With no more federal money forthcoming, and hoped-for private investment failing to materialize as planned, Brown and the rail agency turned to using cap-and-trade money from California’s greenhouse gas reduction program to keep the rail project alive. Cap-and-trade money comes from companies who bid at state auctions to buy credits to offset their air pollution emissions.
Patterson: I was right
A longtime critic of the rail authority, Assemblyman Jim Patterson, R-Fresno, said Newsom’s speech “put the final nail in the coffin of high-speed rail.”
“His admission that this project will never go from Los Angeles to San Francisco as voters intended echoes what I have been warning about for years,” Patterson added. “They never had the land, they never had the money, and now we know that it will never be a reality.”
The decision to award construction contracts in the Valley before sufficient planning and land purchases had taken place was driven by a 2017 deadline for project completion that was originally contained in a grant agreement between the state and the Federal Railroad Administration for $2.6 billion in federal stimulus funds. The federal agency later agreed to modify the agreement to require only that the money be spent by the end of September 2017, but requiring completion by 2022.
The business plan issued last year pushed the completion date for Phase 1, San Francisco to Los Angeles, to 2033. But even that was contingent upon figuring out where the money would come from to do the work, including the technically challenging task of tunneling through the San Gabriel Mountains in Southern California to connect Palmdale to Burbank in the San Fernando Valley.
Patterson echoed Newsom’s call for construction in the Valley to be finished rather than stopping the work in its tracks. “Central Valley rail supporters and skeptics must band together to make sure we are left with functional tracks,” he said. “After tearing up prime (agricultural) land and ripping up the heart of our cities, we must ensure that we aren’t left with the unfinished scraps of a failed project.”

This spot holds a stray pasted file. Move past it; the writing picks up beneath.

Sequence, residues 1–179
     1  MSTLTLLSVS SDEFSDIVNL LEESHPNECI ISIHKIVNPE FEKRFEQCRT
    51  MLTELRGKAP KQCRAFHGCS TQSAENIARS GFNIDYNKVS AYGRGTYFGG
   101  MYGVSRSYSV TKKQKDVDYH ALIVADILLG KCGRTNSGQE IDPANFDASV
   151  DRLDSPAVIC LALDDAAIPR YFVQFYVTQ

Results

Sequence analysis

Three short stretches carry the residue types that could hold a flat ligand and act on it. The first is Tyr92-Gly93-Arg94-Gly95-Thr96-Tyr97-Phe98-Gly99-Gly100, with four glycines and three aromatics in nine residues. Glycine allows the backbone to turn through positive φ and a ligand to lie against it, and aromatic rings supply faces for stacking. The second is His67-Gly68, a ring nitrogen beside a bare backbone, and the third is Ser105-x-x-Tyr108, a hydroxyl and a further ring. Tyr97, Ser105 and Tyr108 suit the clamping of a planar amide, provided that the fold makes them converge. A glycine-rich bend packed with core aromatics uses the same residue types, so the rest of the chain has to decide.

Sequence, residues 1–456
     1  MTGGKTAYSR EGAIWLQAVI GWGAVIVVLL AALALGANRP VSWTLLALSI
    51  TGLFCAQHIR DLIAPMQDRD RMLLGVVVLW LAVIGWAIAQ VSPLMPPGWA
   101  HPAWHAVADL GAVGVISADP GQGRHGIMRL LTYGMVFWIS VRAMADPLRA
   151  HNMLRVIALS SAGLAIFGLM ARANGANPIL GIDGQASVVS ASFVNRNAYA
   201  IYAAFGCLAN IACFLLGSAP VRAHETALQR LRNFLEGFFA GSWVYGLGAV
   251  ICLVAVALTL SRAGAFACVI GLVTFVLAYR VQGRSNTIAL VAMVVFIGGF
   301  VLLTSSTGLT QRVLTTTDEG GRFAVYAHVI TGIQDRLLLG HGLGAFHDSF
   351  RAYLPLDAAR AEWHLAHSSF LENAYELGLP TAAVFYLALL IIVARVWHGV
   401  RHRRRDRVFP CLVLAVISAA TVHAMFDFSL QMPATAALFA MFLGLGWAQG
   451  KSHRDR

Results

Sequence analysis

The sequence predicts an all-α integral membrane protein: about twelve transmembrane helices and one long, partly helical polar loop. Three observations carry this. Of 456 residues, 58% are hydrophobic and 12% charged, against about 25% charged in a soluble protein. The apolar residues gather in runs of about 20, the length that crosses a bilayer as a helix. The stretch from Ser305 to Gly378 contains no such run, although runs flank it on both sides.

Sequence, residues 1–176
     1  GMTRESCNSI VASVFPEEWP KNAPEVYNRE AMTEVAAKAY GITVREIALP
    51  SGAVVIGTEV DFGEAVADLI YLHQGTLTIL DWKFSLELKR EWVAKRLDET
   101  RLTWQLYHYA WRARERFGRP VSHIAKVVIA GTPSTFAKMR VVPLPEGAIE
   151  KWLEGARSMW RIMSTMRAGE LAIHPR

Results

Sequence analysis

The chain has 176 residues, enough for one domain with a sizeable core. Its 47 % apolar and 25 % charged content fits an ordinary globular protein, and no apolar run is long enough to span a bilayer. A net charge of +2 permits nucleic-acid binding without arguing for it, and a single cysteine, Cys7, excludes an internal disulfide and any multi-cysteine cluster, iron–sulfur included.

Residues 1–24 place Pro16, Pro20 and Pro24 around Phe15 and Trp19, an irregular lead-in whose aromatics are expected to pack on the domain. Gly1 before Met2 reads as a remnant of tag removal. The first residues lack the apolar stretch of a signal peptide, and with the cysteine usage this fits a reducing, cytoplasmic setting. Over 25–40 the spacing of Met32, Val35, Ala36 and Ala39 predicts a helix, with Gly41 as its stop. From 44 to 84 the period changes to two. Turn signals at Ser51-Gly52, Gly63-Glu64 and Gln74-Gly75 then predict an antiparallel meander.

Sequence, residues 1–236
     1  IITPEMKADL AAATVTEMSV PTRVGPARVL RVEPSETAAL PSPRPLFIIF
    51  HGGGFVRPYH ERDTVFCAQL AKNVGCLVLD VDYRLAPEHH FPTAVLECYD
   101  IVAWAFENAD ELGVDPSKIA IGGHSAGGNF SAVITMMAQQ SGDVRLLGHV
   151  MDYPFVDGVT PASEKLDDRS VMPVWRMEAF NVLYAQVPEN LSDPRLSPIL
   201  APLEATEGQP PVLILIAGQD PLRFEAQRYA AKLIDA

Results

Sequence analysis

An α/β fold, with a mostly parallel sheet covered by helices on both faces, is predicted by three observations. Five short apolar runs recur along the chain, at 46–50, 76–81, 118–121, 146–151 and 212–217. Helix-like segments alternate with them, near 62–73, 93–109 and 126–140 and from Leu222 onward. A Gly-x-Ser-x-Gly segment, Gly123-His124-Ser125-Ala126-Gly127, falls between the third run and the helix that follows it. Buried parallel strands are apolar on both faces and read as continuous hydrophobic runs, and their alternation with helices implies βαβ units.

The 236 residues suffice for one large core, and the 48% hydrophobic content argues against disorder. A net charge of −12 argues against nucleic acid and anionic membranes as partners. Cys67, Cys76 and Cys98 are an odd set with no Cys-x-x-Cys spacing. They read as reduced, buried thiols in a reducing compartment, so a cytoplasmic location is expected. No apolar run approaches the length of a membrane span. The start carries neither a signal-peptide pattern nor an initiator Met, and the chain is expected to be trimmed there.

What “functional tracks” in the Valley could be used for, if not as the spine of a statewide, all-electric high-speed train system, remains a big question.
In one of a series of Twitter posts following his speech, Newsom reiterated his declaration that “we’re going to make high-speed rail a reality for California.”
“We have the capacity to complete the rail between Merced and Bakersfield. We will continue our regional projects north and south. Finish Phase 1 enviro work. Connect the Central Valley to other parts of the state,” the governor tweeted.
If the plan is for high-speed trains to operate on a Merced-Bakersfield line, the system would face at least one of the same challenges confronting a full statewide train line – compliance with Proposition 1A’s requirement that the project be financially self-sufficient and able to cover its operating costs without any subsidy from taxpayers.
Another possible answer lies in the original grant agreement between the Federal Railroad Administration and the state for stimulus and railroad money.
If cap-and-trade was Plan B for funding, then Plan C – or even Plan D, F or G – is a clause in the federal grant contracts requiring “independent utility” for the stretch of the rail line being built in the Valley.
What that means is if no tracks are ever laid for the project beyond Madera to the north or Bakersfield to the south, the tracks could be used by Amtrak’s San Joaquin trains that currently share the BNSF Railway freight tracks between Madera and Bakersfield, or perhaps some other rail service.
The result: almost 120 miles of tracks with no at-grade traffic crossings and on which Amtrak trains need not stop for passing freight trains. Amtrak could operate at faster speeds – potentially as fast as 125 mph, compared to the current top speed of 79 mph and average speed of 53 mph for the San Joaquin trains.
Costa sees future for HSR
Rep. Jim Costa, D-Fresno, who has supported the idea of high-speed rail since he was a member of the California Legislature and continued to be a booster as a member of Congress, said he doesn’t believe Newsom’s approach to high-speed rail “foreclose a future HSR system for California.”
“His proposal to change the plan, though more modest, will still benefit the Valley,” Costa added.
Costa’s Democratic colleague, Rep. TJ Cox of Fresno, said Newsom’s high-speed rail remarks didn’t address two key Valley concerns: eminent domain to secure the land needed for the railroad right of way, and connecting the region to Northern and Southern California.
“I believe we must bring our rural and urban communities to find transportation solutions that meet the needs of both,” Cox said, “and this proposal fails to do that.”
Richard, the rail agency chairman being replaced by Newsom, said he always expected that he would be leaving the board soon after the transition from Brown to Newsom was complete. “A new governor has the right to put his own members on the board,” Richard said. “Gov. Brown reappointed me at the end of the year, but I told him I would be offering my seat to the new governor after the transition.”